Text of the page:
With that laid out so neatly, let me take second and expound on a few reasons why I’m going to pursue this new path while I continue to do other work, whether it’s with other authors and publishers, kids in punk bands, whatever comes down the pike… :

The key to this experiment in publishing being a success is you, my long-suffering reader/fan. You are my tribe. You like what I do. Here’s a chance to help support me by buying my books, just like being a fan of a band who comes to a show and buys a t-shirt (because you know musicians almost never make money off their recordings, right? It's all about the merch.). Isn’t it a swell idea? And the hope is, since you like what I do, you might just like the work of some other artists you may not have heard of before and buy their books. The more you talk about the cool things we Box Book idiots are doing, the better our chances of success. We’re talking serious, straightforward grassroots love here and nothing else.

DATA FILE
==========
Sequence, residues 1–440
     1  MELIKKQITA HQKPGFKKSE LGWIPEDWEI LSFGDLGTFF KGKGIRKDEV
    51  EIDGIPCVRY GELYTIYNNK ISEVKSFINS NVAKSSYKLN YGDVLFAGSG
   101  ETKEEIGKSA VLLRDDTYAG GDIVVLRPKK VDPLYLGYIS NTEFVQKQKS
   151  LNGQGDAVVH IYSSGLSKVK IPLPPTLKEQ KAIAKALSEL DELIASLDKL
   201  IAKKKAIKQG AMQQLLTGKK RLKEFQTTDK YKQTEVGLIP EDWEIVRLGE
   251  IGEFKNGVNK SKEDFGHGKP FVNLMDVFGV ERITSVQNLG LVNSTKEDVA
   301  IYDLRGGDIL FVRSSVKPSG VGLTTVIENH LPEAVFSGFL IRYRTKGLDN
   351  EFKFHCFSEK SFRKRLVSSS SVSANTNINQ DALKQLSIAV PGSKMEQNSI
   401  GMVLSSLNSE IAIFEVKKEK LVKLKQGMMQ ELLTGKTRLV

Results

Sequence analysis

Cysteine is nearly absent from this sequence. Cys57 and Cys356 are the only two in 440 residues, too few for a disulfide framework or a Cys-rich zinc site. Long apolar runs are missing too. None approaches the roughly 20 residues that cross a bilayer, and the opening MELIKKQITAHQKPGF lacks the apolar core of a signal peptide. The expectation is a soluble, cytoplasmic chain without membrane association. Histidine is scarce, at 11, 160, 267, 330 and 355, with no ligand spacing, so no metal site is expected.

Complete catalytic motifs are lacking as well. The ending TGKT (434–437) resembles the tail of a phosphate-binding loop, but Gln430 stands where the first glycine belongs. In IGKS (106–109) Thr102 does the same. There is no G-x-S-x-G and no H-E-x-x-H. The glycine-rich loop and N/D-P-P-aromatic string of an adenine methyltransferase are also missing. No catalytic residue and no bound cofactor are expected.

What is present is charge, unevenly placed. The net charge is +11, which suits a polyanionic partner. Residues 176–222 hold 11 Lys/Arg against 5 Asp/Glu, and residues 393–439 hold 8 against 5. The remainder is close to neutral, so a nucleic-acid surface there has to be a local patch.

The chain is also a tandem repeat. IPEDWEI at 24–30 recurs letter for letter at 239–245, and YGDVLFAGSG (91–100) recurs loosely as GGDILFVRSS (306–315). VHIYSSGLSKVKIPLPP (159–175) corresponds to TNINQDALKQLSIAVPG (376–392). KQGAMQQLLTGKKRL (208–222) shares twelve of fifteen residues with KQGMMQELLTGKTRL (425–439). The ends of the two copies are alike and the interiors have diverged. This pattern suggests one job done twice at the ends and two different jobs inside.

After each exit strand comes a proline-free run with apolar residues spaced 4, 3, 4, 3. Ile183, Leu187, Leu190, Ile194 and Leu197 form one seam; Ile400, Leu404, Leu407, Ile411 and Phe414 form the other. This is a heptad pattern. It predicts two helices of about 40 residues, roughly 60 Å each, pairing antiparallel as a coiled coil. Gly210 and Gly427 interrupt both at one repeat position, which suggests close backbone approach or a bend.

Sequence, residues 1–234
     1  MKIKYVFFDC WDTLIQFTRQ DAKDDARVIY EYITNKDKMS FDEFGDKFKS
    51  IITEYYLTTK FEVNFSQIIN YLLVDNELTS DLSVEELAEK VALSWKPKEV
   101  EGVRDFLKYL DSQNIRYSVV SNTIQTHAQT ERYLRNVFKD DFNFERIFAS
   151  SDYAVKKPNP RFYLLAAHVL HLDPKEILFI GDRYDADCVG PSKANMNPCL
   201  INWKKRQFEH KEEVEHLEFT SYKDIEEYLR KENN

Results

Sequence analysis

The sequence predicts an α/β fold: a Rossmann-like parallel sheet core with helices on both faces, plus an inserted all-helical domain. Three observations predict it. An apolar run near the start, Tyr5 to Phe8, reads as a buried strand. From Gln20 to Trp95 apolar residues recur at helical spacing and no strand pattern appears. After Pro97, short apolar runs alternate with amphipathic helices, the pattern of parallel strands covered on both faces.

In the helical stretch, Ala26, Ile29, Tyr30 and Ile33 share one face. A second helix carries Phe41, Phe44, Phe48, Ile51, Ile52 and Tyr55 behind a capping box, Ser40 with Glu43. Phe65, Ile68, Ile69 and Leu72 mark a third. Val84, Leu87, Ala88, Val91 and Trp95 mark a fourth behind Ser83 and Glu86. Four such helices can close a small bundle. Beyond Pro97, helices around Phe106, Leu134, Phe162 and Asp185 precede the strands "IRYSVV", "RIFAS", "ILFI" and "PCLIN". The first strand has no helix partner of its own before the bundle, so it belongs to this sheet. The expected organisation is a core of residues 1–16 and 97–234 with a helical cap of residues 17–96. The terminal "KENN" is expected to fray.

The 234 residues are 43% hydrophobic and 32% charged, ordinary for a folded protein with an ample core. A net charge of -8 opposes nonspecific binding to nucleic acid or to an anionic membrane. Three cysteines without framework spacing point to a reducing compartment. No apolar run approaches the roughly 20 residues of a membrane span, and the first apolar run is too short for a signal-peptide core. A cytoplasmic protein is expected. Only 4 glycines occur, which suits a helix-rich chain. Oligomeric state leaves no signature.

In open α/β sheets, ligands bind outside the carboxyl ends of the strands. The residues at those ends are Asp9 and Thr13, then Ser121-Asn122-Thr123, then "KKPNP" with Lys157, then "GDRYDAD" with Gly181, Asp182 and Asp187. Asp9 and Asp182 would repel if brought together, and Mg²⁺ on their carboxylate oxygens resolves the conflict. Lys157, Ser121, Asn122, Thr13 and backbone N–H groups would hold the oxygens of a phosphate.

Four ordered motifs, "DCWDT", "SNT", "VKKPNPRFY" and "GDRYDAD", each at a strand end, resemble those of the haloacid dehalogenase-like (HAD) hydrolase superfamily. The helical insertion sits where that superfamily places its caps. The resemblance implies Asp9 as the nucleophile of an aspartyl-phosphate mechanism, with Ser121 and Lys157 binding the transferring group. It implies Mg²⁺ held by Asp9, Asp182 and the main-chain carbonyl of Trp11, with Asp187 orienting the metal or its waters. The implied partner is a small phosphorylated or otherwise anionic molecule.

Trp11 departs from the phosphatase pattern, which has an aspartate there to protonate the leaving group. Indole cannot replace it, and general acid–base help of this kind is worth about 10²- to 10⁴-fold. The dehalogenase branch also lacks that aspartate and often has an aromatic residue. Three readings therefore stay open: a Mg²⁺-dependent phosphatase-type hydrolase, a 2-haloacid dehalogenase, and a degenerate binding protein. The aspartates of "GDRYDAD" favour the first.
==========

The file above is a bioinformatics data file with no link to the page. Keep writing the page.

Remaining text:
I know some people are very anti-Amazon or POD printing, etc., and are worried that with this turn to new technologies, we’re stabbing independent bookstores in the back. First, indie bookstores could buy books from us and we would work out a return policy but that’s just normal book business bullcrap that has little to do with the actual issue. The real point to be made is independent bookstores can’t go to bat for authors who aren’t cranking out bestsellers like Twilight or a Star Wars Lego books because they are on a short leash from the publishers. They can’t champion very many books worth reading if they aren’t going to appeal to the rather dim masses, buying crap in the millions, because the bookstores would go out of business. Can you even imagine an independent bookstore filled to the rafters with interesting titles and not stacks of soon-to-be-forgotten books written by political hacks, celebrities and this year’s literary darling? I can’t. It’s a rather dark time in publishing and no one is about to do anyone any favors. Being at the ass end of the pecking order, authors in my position are left scratching about for pennies. It’s sheer idiocy not to take a shot at a new business model that would benefit the author first and everyone else second. Of course, that last sentence explains why the publishing world is against any change to the system but I figure you sussed that out on your own.